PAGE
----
Life has neither material nor idealistic secrecy or mystery about it. Life is equal to itself only, hence perceiving its meaning is out of the question... The exaggeration of our mental abilities has given rise to what we perceive as “the problem” of discerning life’s purpose... If it is beyond our powers to disembowel love and beauty - we can only ravish them - it means that they are given to us not for cognition but for reflection. Similarly, the freedom of choice granted to man, a freedom denied the rest of the living species, is man’s task, a duty to exercise and fulfill, not merely an opportune option.
The habits of time are the soul's dress for eternity. Habit passes with its owner beyond this world into a world where destiny is determined by character, and character is the sum and expression of all preceding habit.
The freer a man’s judgment is in relation to a definite question, the greater is the necessity with which the content of this judgment will be determined; while the uncertainty, founded on ignorance, which seems to make an arbitrary choice among many different and conflicting possible decisions, shows precisely by this that it is not free, that it is controlled by the very object it should itself control. Freedom therefore consists in the control over ourselves and over external nature, an control founded on knowledge of natural necessity; it is therefore necessarily a product of historical development.
The essential problem of freedom, it seems to me, is the problem of the relation of choice and unimpeded effective action to each other... There is an intrinsic connection between choice as freedom and power of action as freedom. A choice which intelligently manifests individuality enlarges the range of action, and this enlargement in turn confers upon our desires greater insight and foresight, and makes choice more intelligent.
Of all ennobling sentiments, patriotism may be the most easily manipulated. On the one hand, it gives powerful expression to what is best in a nation’s character: a commitment to principle, a willingness to sacrifice, a devotion to the community by the choice of the individual. But among its toxic fruits are intolerance, belligerence and blind obedience, perhaps because it blooms most luxuriantly during times of war.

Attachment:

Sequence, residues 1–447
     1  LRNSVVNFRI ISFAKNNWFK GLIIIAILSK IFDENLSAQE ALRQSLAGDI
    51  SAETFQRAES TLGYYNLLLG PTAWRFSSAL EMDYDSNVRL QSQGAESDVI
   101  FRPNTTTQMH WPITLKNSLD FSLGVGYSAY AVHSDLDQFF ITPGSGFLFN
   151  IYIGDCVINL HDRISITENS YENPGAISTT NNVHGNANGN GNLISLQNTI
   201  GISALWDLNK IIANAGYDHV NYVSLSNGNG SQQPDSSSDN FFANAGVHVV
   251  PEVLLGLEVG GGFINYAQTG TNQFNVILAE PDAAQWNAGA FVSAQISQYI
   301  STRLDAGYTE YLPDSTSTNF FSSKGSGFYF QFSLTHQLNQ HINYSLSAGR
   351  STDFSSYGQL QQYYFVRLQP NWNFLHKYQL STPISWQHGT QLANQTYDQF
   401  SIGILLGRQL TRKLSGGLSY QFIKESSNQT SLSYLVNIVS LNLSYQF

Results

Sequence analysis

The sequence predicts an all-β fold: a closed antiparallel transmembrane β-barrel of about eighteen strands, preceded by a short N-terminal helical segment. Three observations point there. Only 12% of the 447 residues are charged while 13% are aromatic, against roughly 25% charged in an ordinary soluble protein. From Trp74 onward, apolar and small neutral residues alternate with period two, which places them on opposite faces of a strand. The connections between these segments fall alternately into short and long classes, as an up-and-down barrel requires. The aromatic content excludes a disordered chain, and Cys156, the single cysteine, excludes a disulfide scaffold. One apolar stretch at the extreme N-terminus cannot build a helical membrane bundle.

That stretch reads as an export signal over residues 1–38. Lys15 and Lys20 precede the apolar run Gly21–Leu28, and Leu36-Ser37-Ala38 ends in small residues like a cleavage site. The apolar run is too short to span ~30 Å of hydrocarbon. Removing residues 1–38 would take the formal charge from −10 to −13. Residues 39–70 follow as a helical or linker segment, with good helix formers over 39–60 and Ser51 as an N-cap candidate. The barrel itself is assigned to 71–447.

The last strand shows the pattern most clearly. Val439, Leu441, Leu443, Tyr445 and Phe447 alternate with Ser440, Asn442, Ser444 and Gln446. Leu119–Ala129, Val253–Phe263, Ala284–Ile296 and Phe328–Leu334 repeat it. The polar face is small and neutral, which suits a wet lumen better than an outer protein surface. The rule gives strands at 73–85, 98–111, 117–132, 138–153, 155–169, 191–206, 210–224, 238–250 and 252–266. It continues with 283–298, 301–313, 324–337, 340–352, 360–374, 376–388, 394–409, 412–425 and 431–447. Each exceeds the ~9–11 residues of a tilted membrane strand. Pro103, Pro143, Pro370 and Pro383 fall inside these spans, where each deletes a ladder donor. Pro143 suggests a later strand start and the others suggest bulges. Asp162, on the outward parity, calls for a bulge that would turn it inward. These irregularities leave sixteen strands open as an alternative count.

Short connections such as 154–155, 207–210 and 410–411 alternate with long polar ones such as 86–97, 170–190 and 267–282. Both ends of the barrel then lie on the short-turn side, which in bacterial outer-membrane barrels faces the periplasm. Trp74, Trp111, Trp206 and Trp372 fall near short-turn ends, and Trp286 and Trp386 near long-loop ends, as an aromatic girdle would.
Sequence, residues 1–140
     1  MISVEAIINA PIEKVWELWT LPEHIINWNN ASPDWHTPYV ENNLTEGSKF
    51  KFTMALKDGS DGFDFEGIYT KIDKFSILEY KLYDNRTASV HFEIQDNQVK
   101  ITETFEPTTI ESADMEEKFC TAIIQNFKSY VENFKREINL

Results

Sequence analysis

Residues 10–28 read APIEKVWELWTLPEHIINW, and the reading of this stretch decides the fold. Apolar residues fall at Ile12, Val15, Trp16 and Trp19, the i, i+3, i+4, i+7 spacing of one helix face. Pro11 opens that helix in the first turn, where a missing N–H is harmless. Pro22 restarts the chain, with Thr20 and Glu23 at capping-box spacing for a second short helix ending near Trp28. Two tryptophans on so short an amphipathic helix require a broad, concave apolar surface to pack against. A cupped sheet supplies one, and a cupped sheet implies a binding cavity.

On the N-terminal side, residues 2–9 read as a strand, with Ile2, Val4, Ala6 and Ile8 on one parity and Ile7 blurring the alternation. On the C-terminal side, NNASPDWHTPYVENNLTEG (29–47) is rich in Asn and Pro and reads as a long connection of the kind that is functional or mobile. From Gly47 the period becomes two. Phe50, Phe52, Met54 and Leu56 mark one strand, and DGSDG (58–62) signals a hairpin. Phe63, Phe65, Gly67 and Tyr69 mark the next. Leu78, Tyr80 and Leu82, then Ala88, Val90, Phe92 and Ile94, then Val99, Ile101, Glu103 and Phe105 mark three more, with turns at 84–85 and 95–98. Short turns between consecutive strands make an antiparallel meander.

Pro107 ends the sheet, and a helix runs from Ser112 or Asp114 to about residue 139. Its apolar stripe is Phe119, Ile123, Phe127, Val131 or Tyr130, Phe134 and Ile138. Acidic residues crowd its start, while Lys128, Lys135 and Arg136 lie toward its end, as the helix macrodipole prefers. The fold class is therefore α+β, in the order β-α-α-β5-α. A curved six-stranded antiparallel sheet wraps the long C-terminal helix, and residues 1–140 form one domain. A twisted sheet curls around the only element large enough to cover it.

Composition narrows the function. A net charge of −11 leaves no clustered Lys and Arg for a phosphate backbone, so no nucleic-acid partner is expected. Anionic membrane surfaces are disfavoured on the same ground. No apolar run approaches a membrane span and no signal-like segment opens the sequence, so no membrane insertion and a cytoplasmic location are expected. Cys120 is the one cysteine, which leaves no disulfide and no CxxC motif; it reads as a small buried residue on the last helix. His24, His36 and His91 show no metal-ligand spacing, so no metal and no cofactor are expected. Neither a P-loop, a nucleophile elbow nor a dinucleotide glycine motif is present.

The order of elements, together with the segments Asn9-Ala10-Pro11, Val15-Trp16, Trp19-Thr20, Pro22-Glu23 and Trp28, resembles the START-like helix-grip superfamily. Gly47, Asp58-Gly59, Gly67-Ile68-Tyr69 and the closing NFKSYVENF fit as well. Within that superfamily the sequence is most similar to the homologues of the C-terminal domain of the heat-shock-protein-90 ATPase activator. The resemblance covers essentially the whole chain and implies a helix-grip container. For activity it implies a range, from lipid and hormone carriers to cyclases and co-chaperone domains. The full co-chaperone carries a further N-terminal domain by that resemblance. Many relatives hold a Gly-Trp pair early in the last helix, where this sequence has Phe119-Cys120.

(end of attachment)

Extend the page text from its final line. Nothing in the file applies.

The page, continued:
War some day will be abolished by the will of man. This assertion does not in any way invalidate the truth that war is fundamentally caused by impersonal, political, economic and social forces. But it is the destiny of man to master and control such force, even as it is his destiny to harness rivers, chain the lightning and ride the storm. It is human will, operating under social forces, that has abolished slavery, infanticide, dueling, and a score of other social enormities. Why should it not do the same for war?
A dimension is missing from ourselves and our culture which is reflected in our inability to reconcile the competing demands of our inner and outer lives. As a result, most of us make use of a very small portion of our possible consciousness and of our soul’s resources... The destiny of mankind depends on something as personal and intimate as the way each one of us chooses to live, think and behave.
In the practical use of our intellect, forgetting is as important as remembering... A great many people think they are thinking when they are rearranging their prejudices... the difference between a good man and a bad one is the choice of cause.
We still have it in our power to rise above the fears, imagined and real, and to shoulder the great burdens which destiny has placed upon us, not for our country alone, but for the benefit of all the world.